There are many things I love about #America, but the one that brings me the most hope is being celebrated on this day–July 4th celebrates change; great change.
That is what the United States is truly about: the ability to change; to learn and to grow.
Sometimes, our growth has been bitter with spilled blood as seen during the Civil War and during the 1960s when civil rights for black Americans was hotly contested.Yet, as #MayaAngelou said, “Do the best you can until you know better. Then when you know better, do better.” This has been America’s saving grace; America’s greatest strength—the willingness to do the best we can, and when we know better, we try hard to do better. As an American who is both a woman and a lesbian, this has been the knowledge that has kept my faith in America strong. I believe that women and men, citizens of our great nation, will always strive to grow and to learn; and, ultimately, to do better.
This past year has brought great changes to the LGBTQ community. Unfortunately, it has also brought about terrible backlash. LGBTQ people, especially of the transgender orientation, have faced tremendous violence in every city and state in the nation. In Orlando, Florida the worst attack ever launched against us was when a deranged man with an assault rifle murdered 49 people and injured 53 others in the Pulse nightclub—a place that had been founded to create a safe space for LGBTQ people.
We have people trying to discover ways to circumvent the Supreme Court’s ruling; and we have others discovering new ways to write laws that discriminate against LGBTQ people—laws that allow LGBTQ people to be fired from our jobs, evicted from our homes, refused service in an eating establishment; laws which negatively impact our ability to foster or adopt children and in the long run, may once again impact our right to even maintain custody and/or contact with our own blood children. (Beyond the Silence was written specifically to highlight not only the physical violence suffered by some lesbians, but the emotional violence of having their blood children ripped away because their mother is a lesbian! Though my novel is fiction, it was written with the blood and tears of real people. With North Carolina’s law in effect, such things can once again occur.)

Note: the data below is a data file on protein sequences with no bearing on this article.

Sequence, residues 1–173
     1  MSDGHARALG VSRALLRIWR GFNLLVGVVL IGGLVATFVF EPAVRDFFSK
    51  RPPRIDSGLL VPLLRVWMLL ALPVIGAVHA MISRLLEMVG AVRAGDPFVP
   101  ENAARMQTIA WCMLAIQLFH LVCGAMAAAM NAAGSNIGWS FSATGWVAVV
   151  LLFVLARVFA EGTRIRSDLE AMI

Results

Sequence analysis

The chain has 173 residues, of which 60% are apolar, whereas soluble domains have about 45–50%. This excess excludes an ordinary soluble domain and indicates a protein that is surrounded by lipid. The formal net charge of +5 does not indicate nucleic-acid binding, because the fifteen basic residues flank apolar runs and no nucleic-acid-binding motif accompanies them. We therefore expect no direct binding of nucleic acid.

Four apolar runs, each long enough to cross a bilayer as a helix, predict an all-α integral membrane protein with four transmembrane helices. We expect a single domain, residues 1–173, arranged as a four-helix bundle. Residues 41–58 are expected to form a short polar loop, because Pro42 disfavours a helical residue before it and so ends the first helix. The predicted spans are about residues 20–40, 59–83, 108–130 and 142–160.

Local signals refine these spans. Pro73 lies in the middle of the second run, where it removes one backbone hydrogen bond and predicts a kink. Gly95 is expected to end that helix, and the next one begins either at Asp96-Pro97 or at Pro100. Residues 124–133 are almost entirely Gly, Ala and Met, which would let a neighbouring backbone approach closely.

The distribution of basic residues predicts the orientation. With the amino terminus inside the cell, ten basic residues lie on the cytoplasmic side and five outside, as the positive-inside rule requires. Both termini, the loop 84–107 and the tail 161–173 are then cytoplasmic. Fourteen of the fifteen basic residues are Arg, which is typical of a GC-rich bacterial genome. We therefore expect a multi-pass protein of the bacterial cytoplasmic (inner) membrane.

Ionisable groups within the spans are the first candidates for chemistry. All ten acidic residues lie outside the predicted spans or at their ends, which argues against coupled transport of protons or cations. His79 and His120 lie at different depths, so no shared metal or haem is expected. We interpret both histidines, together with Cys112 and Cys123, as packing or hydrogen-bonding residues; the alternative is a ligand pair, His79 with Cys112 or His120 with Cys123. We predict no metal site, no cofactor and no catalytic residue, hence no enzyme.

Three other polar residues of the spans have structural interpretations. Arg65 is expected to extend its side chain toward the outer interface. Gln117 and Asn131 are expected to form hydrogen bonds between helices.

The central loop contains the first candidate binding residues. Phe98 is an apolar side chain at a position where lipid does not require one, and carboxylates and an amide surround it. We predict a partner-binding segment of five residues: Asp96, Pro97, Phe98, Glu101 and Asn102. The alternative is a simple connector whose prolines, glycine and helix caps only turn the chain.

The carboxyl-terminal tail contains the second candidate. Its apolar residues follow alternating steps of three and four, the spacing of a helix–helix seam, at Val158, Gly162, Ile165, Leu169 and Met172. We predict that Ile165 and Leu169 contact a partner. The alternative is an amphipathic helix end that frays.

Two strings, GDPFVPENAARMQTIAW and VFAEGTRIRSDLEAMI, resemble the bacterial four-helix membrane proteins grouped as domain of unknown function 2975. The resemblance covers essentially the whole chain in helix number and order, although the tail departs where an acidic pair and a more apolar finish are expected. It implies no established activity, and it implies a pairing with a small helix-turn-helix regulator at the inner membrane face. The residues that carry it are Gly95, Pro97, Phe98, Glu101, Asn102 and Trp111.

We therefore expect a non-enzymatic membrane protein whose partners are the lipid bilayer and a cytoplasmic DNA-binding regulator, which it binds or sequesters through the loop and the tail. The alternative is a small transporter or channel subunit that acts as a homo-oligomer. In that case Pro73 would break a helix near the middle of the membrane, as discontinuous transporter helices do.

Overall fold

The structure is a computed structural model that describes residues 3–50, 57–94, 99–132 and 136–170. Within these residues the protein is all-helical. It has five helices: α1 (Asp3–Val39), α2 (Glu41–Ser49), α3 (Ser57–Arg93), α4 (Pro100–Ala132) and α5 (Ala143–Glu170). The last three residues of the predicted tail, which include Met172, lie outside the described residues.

History has demonstrated that change is difficult. People fear anything different. They desperately try to maintain the status quo. But, in the end, America has never backed away from true and lasting change that resulted in guaranteeing freedom to all of her citizens. When we allow laws to be put into place that disregard the freedom of a particular group of people—whether that group is black Americans, LGBTQ people, or Japanese-Americans—we are setting the foundation for everyone’s freedom to be violated.
In the 1960s, it was determined that if you owned a business establishment that was open to the general public then you had to serve black Americans the same as you served white Americans, regardless of your personal beliefs against it—beliefs that told you that black and white Americans should not drink from the same fountain, eat at the same establishment, or attend the same schools. Today that same argument—the argument that says someone’s personal beliefs should allow them to discriminate against a particular segment of the public—has been used by several states against LGBTQ people, most notably in North Carolina.
I believe that the citizens of this nation will not allow such a law to go unchallenged; will not allow such a law to continue to exist. Just like in the 1960s, I believe that the people of the United States will destroy such discriminatory practices, once and for all. I believe that someday, soon I pray, LGBTQ people will celebrate July 4th with the same guaranteed freedoms that their heterosexual counterparts now enjoy.